5. As soon as I started reading this post I started to wonder if I’m the only one that keeps the phone lock on auto self lock. When you “wake up” my phone (or IF you figure out how to do it, its a touch screen phone and the button is kind of hidden), the only thing you see is a message promising a reward for returning my phone and my wife’s cell number. I have no idea if an EMS worker would think to dial it.

    There is NO WAY I’d leave my phone unlocked. Besides protecting my data, the phone is useless to anyone. It will receive calls, but you have to know the number it uses. Even replacing the Sim Card will not unlock the phone.

    P.S. The word verification has gone completely crazy: qnexfbxk (I guess LESS THAN 8 numbers is too easy to break???)

  6. On the first page of my aforementioned little black book in my wallet, I have a note about “In Case Of Emergency,” directing one to the pertinent people.

    Look, if your wallet is being rifled through, you’re in trouble, anyway.

  7. The only absolutely fool-proof, loss-proof, and Murphy-proof method of having emergency contact numbers there, not when you need them but when emergency personnel need them is to tattoo them prominently on yourself. Of course, even that isn’t entirely Murphy-proof, a bad case of road rash or burns could obscure them.

    In other words… nothing is perfect. All you can do is what is possible, and plausible, and hope for the best.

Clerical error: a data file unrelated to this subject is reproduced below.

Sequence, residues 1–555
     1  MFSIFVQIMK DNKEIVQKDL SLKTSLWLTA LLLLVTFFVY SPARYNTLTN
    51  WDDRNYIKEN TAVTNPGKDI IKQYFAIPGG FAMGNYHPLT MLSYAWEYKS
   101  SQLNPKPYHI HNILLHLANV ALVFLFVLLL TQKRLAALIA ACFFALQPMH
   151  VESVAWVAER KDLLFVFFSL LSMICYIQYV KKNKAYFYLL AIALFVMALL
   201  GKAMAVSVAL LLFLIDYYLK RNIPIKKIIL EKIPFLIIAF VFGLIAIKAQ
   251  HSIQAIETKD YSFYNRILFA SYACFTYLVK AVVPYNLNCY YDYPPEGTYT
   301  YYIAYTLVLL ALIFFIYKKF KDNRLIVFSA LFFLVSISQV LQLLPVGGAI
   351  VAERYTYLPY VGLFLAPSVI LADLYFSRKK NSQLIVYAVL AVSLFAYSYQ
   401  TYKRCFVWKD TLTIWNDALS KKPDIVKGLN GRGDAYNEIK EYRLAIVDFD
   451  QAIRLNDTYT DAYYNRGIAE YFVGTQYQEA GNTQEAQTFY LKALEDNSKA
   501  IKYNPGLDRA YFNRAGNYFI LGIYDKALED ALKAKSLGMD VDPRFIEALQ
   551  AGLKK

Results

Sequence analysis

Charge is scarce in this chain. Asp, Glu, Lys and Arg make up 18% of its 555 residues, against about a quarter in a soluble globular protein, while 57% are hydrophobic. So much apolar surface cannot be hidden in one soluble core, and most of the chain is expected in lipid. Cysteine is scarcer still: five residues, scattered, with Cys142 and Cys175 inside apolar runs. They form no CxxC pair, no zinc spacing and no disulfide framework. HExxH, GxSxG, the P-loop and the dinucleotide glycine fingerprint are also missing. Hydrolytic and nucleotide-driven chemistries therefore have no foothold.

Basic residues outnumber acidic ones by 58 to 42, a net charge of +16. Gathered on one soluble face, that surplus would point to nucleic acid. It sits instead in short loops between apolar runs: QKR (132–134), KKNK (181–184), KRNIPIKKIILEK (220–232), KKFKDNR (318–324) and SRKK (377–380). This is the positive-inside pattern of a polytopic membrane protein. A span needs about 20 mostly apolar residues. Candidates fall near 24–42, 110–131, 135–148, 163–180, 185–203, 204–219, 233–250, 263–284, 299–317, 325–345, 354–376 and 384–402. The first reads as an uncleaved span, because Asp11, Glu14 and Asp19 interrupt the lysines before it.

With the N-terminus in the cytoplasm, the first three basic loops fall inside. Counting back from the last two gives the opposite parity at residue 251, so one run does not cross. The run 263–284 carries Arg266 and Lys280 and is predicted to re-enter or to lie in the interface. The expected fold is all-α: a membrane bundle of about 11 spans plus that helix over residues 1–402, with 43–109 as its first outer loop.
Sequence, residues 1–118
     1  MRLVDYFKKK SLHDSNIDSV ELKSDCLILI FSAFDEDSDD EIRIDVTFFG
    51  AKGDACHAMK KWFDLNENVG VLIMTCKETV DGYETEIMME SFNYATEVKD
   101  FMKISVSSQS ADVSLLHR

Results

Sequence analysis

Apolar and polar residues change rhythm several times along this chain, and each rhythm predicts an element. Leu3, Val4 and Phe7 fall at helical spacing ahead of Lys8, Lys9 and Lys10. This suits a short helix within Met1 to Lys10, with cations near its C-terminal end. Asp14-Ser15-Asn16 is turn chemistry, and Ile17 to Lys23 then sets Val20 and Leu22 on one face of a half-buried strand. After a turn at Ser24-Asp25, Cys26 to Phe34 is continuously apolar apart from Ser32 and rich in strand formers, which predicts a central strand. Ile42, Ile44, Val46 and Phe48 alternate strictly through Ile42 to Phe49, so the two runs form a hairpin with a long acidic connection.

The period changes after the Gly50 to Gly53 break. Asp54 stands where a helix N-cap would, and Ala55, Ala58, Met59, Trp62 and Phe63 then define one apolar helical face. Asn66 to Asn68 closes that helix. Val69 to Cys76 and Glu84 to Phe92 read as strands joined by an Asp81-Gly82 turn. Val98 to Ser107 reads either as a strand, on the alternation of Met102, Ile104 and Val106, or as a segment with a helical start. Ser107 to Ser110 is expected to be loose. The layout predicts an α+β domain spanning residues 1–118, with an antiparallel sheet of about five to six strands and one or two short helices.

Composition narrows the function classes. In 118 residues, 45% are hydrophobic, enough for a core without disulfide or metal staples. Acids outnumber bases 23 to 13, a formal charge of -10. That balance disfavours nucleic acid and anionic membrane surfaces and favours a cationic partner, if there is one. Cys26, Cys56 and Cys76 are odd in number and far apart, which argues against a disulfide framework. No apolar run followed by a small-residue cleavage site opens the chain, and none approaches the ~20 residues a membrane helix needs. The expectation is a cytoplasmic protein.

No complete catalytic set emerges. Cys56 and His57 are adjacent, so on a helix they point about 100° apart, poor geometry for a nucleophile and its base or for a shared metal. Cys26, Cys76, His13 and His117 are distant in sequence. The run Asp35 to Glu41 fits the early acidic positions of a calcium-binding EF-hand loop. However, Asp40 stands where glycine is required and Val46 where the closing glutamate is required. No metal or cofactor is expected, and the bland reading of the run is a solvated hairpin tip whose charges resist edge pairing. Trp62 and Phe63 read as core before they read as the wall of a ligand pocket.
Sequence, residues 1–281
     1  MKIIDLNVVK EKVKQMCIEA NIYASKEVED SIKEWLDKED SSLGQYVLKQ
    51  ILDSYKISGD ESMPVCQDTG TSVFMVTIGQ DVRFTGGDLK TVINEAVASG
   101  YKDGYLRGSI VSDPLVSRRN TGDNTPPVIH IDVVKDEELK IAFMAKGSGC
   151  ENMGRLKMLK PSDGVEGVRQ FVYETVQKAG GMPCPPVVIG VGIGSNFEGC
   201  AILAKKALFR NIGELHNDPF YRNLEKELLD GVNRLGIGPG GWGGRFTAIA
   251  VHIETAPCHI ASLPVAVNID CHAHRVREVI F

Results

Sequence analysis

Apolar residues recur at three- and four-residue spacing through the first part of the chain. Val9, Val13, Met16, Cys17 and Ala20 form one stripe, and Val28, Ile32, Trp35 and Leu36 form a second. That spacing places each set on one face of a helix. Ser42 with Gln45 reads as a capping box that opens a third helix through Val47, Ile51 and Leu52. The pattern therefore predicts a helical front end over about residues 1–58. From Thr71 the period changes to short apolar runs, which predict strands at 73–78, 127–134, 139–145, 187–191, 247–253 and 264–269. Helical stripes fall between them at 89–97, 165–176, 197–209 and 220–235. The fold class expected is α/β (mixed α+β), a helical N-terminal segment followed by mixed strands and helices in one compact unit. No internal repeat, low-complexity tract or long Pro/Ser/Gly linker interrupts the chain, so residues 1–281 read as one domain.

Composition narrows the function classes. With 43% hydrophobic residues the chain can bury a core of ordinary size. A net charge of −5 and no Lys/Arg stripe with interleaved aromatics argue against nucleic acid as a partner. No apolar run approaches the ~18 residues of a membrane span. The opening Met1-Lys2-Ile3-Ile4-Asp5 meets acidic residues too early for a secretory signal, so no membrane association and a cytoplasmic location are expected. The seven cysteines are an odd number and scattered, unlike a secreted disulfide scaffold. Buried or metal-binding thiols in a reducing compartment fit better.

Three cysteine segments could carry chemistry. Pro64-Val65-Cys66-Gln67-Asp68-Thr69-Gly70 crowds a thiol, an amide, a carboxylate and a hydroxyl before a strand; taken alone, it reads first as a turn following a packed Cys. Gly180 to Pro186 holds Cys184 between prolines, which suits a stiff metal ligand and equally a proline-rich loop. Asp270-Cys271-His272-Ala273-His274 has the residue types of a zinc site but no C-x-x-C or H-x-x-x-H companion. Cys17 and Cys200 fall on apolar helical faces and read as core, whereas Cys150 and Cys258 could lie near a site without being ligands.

Oh, and nelson, I had the same experience one time. I had the emergency speed dial set on my phone, and bumped it in a store… Got the same call back from Dispatch, and spent several minutes cowering in a back corner of the electronics section reassuring the operator that no, I wasn’t under duress, yes, it was an accidental call, no I swear there isn’t a madman holding a gun on me telling me to tell you everything is all right….

    On the one hand I appreciate the difficulty of the operator needing to be absolutely sure that I wasn’t in trouble… on the other hand it was highly embarrassing, and I was tying up an emergency service all because I leaned my hip in the wrong spot….

  8. Even better than a tattoo, since you can change the text when the info changes, is Road ID. It’s a wristband, ankleband, shoe insert, or dog tag that you can wear with all of your pertinent information. While this would seem a bit silly while driving in your car, it would be immensely helpful to EMT’s if you happen to be jogging, running, riding, hiking, hunting, or fishing solo.

  9. The whole ICE thing in your phone assumes that your phone has survived what ever incident has left you in a position unable to tell the medic’s who to call.

    Given my expectations of cell phone durability, and my experiences with traumatic injury, I’m unconvinced the medics will be looking at the contents of my cell phone’s memory after they get to me.


  10. Since my phone is, overall, far more durable than its battery attachment system, I just put “Emergency Contact:” with the appropriate name/number in the startup message.
    I’ve dropped that phone on ceramic tile, concrete, carpet, and a pillow, and every time, the battery pops out but the phone is otherwise unhurt.

  11. Turin said “The whole ICE thing in your phone assumes that your phone has survived what ever incident has left you in a position unable to tell the medic’s who to call.”

    That’s absolutely right. It also assumes that the phone is readily visible, that the EMTs or Paramedics thought to look for it, and that they have the time to thumb through the contacts to look for ICE numbers.

    As a paramedic of some years (ain’t saying how many,) I’ll admit that I’ve never… not once, ever… have I looked for, cared about, or remembered to grab a patient’s cell phone.

    Put me in with the “slip of paper in the wallet” crowd.